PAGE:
Declan Walsh

November 6, 2011

At the height of his cricket glory days, Imran Khan would visualise winning – standing on the podium, cup held aloft – and propelling Pakistan to victory. Last weekend, standing before a sea of supporters in Lahore, he had a similar epiphany about his political career.

“As I stood there, watching them, I knew the moment had come,” Khan, who is the leader of the Pakistan Tehrik-e-Insafr party, said. “Now nothing can stop us. This is a revolution, a tsunami. We will not just win the next elections – we will sweep them.”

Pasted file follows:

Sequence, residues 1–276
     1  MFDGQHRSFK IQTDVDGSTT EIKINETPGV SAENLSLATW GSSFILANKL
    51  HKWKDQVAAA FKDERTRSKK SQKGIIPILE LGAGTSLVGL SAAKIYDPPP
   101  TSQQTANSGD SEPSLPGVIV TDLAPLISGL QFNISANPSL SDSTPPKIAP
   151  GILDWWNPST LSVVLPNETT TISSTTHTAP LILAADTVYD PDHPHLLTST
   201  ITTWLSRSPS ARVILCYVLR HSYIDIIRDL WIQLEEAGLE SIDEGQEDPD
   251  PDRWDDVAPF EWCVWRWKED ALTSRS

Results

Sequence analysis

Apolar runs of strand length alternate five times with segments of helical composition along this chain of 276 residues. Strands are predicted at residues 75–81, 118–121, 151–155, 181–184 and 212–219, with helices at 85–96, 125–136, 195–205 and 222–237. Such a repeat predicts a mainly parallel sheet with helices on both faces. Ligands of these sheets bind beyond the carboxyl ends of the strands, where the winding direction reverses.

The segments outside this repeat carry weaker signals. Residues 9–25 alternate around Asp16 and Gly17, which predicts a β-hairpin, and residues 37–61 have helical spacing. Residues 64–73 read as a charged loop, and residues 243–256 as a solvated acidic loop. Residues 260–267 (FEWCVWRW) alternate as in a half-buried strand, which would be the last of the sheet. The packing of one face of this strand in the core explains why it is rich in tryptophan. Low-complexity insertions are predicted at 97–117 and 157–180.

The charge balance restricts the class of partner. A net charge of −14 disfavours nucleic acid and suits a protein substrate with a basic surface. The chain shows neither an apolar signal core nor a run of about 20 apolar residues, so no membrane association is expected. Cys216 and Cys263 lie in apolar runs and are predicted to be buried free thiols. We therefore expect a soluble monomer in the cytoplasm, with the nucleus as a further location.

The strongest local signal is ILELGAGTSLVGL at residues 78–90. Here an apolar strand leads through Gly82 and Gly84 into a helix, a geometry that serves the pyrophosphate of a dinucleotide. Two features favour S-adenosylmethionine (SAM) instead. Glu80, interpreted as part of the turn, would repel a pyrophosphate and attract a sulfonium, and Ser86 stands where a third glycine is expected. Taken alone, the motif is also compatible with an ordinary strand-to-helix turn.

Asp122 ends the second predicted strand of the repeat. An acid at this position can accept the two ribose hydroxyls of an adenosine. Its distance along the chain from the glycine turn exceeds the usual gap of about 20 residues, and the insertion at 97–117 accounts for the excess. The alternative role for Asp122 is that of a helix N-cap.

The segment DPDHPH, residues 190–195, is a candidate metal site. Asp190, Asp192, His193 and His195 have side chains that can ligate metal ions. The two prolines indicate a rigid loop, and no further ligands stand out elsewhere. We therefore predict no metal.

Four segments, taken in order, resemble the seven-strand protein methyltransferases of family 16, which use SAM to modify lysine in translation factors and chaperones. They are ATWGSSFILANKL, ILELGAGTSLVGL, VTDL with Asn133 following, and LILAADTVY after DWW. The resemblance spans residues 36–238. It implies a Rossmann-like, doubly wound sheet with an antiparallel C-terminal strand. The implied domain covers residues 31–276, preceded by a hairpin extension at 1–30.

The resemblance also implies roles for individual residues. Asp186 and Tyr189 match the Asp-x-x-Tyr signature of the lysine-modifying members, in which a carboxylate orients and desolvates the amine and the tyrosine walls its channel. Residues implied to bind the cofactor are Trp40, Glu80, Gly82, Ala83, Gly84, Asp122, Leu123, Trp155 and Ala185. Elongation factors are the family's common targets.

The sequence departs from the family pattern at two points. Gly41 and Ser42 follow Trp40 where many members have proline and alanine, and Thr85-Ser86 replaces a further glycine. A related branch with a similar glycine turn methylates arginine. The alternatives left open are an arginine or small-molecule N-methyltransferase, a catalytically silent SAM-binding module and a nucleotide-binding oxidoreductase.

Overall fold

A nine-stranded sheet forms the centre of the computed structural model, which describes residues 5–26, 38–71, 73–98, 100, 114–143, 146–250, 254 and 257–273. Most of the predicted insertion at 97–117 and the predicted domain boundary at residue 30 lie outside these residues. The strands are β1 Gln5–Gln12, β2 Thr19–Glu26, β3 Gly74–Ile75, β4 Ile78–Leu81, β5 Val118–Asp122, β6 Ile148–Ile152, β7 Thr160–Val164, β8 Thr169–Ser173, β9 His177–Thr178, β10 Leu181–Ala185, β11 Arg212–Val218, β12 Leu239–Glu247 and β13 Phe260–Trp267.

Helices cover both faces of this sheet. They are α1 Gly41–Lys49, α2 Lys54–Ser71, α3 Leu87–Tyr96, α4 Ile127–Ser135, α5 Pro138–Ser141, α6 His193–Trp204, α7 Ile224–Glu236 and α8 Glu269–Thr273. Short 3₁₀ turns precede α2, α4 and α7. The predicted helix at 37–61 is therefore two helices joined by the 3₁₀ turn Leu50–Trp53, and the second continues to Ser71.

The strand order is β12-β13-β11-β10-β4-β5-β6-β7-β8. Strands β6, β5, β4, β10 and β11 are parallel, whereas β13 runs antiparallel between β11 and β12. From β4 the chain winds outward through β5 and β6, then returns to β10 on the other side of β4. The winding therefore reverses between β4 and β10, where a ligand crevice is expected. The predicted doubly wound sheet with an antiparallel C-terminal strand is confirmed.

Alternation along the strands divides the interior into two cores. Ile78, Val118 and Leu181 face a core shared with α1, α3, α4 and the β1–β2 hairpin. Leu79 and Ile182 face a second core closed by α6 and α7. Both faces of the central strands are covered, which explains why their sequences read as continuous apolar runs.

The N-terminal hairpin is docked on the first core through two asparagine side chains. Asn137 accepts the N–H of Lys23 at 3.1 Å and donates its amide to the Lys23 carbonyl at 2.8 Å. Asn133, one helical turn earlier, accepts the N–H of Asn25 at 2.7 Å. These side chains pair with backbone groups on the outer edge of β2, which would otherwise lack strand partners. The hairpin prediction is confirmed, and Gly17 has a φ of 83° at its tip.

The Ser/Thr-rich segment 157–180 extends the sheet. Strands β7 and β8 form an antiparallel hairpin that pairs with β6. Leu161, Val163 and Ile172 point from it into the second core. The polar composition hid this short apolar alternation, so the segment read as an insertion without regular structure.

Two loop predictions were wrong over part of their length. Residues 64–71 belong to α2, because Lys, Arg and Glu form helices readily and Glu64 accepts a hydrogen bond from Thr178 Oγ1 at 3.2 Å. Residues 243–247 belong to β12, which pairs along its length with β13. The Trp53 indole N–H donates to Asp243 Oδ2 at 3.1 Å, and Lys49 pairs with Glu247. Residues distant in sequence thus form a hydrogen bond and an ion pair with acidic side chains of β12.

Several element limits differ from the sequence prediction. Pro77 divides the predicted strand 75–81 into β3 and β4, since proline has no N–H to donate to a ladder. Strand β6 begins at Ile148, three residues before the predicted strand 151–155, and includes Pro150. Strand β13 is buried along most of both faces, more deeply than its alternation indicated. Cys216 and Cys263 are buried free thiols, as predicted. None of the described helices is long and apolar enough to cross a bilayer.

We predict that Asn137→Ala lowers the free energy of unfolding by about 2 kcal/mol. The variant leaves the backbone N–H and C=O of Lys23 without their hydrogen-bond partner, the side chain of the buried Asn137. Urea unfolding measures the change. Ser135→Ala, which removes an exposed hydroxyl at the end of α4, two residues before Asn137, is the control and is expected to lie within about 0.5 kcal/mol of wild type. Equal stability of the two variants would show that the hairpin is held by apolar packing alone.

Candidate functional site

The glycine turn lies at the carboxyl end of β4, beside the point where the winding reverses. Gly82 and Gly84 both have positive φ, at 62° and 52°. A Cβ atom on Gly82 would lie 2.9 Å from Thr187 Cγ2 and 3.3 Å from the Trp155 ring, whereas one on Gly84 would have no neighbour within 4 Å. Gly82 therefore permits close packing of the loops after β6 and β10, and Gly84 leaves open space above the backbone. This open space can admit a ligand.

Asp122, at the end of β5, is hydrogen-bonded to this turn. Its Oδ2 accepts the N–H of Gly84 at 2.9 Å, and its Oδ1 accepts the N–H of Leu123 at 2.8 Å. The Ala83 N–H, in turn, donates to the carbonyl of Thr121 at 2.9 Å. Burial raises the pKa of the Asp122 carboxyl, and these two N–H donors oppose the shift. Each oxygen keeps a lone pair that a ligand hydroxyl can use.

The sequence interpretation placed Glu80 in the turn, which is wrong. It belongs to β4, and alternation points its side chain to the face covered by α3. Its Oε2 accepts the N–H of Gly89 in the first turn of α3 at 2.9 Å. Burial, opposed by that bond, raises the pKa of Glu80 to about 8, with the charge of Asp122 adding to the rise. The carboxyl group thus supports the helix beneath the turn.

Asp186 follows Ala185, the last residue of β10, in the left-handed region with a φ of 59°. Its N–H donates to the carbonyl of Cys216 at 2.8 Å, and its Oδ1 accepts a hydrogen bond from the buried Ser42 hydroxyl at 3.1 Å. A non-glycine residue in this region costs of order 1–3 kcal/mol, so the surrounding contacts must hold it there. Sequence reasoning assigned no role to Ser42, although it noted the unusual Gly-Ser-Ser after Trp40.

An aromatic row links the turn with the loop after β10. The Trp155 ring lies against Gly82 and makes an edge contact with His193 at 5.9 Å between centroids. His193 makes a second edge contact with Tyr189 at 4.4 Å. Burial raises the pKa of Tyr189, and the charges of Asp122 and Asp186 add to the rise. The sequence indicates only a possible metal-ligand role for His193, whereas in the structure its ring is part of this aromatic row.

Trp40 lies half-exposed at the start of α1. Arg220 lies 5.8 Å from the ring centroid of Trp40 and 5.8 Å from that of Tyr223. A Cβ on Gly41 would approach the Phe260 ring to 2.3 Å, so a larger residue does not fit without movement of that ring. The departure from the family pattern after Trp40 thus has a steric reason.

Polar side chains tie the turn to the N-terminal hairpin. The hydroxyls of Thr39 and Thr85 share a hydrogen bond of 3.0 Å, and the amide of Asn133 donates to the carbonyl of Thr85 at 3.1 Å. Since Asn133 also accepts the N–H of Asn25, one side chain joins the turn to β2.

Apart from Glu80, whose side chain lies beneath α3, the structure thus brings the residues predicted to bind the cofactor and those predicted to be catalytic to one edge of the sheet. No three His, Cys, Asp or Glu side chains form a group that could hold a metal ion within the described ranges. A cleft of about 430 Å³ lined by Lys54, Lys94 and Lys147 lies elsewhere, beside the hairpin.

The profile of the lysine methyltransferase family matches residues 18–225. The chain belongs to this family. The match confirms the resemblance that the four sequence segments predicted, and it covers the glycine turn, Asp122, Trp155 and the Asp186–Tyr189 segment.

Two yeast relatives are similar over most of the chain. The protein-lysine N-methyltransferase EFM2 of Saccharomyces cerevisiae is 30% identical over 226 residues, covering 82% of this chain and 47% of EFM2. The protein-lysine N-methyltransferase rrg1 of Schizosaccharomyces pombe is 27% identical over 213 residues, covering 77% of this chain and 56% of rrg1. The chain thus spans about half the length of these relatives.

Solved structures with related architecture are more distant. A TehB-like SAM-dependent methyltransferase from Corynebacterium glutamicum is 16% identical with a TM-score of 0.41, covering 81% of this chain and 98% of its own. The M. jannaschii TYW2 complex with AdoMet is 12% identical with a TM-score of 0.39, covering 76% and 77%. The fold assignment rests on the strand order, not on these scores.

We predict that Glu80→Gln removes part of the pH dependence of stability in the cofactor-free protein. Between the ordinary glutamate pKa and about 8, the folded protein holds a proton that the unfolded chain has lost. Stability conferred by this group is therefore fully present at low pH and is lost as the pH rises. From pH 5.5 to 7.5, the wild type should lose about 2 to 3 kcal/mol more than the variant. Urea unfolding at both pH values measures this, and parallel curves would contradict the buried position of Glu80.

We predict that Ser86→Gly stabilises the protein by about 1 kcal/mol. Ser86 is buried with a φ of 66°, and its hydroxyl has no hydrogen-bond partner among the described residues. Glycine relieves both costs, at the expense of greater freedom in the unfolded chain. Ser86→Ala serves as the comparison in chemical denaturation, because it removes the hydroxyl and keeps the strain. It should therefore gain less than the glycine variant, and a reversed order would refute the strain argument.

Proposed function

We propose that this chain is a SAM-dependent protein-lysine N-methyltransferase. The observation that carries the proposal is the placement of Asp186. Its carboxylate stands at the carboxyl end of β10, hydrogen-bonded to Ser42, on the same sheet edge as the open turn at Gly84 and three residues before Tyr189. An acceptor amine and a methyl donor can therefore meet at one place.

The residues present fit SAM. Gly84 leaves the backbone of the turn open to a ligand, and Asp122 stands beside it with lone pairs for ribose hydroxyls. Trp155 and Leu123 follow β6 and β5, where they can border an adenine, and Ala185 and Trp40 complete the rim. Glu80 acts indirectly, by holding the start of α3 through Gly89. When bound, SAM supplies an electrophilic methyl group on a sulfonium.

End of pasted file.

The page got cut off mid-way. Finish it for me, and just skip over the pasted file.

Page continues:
Whether the former cricket captain can translate rhetoric into reality is hotly debated. Yet few doubt that last weekend’s rally sent shockwaves across Pakistan’s moribund political system.

Over 100,000 people crammed into a historic Lahore park. Many were middle-class Pakistanis – young, urban, educated – drawn by Khan’s rhetoric and their anger at conventional politics.

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